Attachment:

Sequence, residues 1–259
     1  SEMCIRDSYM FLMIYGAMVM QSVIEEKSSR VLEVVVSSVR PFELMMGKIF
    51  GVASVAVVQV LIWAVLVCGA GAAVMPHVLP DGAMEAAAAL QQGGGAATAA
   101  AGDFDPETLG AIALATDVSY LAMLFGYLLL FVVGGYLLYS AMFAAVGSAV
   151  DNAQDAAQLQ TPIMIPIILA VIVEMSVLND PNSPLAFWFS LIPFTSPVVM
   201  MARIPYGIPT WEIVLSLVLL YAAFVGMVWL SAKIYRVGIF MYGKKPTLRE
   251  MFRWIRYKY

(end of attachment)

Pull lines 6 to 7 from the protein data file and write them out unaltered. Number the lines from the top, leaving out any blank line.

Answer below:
   201  MARIPYGIPT WEIVLSLVLL YAAFVGMVWL SAKIYRVGIF MYGKKPTLRE
   251  MFRWIRYKY